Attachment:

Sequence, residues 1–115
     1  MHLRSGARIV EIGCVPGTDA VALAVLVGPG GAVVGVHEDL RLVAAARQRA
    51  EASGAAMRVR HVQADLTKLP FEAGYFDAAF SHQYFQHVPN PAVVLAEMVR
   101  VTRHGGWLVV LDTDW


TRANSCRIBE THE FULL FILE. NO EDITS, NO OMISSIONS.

Sequence, residues 1–115
     1  MHLRSGARIV EIGCVPGTDA VALAVLVGPG GAVVGVHEDL RLVAAARQRA
    51  EASGAAMRVR HVQADLTKLP FEAGYFDAAF SHQYFQHVPN PAVVLAEMVR
   101  VTRHGGWLVV LDTDW